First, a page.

Wolf Biermann was born in Hamburg in 1936. His parents were in the communist resistance, and his father was killed in Auschwitz after years of imprisonment for his political activities. In 1953 Biermann left West Germany for the German Democratic Republic (GDR), and from 1957 to 1959 he worked as an assistant director at the Berliner Ensemble. In 1960 he began writing songs and poems, and met Hanns Eisler, who became his mentor. He completed studies in mathematics and philosophy at Humboldt University. After the erection of the Berlin Wall in 1961, he founded and led the backyard Berliner Arbeiter-Theater until it was banned in 1963. Prohibited from performing and publishing his work in 1965, his songs and poems were subsequently distributed illegally in the GDR as hand-written and tape cassette copies, and his poems and songs were smuggled across the border into the West, to be published as books and records. His poetry collections rank among the most-sold postwar German literature. Biermann became the most radical critic of the political dictatorship in the GDR, and his apartment the epicenter of intellectual exchange between East and West. In November 1976, as he was returning from a concert for the metalworkers’ union in Cologne, Biermann was refused reentry into the GDR and stripped of his citizenship, in breach of all legal norms. This totalitarian, arbitrary act against the poet triggered an expectedly large protest movement in the East and West, and for many marked the beginning of the end of the ruling regime.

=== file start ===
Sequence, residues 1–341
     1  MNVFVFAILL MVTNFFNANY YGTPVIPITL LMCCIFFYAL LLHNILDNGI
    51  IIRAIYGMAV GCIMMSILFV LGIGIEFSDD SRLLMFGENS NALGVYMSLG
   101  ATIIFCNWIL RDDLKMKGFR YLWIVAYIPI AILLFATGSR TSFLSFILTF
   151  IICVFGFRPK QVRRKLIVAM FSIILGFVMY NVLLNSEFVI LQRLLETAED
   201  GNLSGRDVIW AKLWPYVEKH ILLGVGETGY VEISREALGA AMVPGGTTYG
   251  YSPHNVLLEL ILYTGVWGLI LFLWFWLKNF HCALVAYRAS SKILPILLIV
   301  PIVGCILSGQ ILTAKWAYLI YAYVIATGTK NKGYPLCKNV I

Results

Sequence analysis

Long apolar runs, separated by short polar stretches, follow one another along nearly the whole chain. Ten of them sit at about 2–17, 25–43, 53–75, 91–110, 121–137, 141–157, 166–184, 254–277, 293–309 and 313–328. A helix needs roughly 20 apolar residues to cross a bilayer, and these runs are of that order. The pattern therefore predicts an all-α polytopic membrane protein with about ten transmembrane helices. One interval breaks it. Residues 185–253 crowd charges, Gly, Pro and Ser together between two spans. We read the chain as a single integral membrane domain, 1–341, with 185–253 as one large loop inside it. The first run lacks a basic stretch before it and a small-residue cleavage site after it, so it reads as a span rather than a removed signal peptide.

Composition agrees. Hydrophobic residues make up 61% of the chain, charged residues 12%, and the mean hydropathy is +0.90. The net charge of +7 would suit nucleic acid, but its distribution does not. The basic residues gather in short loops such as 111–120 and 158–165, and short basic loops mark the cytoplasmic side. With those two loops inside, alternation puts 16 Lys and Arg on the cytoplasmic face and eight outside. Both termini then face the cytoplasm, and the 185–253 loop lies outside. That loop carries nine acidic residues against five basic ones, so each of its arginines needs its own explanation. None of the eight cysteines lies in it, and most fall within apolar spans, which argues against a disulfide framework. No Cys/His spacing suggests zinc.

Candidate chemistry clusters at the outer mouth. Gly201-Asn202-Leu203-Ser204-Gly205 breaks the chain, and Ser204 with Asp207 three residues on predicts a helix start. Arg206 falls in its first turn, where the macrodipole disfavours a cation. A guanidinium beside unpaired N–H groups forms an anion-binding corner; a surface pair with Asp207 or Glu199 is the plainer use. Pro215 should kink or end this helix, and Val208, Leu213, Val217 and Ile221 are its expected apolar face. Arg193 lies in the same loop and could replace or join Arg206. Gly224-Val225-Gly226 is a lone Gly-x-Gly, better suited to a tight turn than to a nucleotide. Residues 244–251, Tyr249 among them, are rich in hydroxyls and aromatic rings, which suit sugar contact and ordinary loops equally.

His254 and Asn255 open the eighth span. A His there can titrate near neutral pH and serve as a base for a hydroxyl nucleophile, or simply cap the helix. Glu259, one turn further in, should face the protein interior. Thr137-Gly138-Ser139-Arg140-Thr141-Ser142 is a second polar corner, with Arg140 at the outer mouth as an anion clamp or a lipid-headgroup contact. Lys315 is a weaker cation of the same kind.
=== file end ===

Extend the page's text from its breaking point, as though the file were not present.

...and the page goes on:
Wolf Biermann returned to Hamburg, but also lived in Paris, traveling back and forth. In the West he went on worldwide concert tours with new songs and poems. In 1983, he turned away from his long-held belief in communism. In November 1989, East German civil rights activists fought successfully to have him perform for the first time in Leipzig. In 1990, he was among the occupiers of the East Berlin secret police headquarters who prevented the further destruction of Stasi files. He lectured on aesthetics at Heine University in Düsseldorf. His translation of the poem »Großer Gesang des Jizchak Katzenelson vom ausgerotteten jüdischen Volk« (tr. Song of the murdered Jewish people, translated from Yiddish) into German took two years. He published an entire series of poetic productions, translations of poetry and own poetry collections, including »Heimat. Neue Gedichte« (2006; tr. Homeland, new poems) and »Fliegen mit fremden Federn« (2011; tr. Flying with new feathers).
In 2007 Wolf Biermann was named an honorary citizen of Berlin. He has released many CDs, and has worked and performed with the Göteborg Chamber Choir, director Gunnar Eriksson, and jazz pianist Stefan Forssén. Since 2012 he has given concerts with his wife Pamela Biermann and the free jazz musicians of Zentralquartett. His autobiography will appear in fall 2016.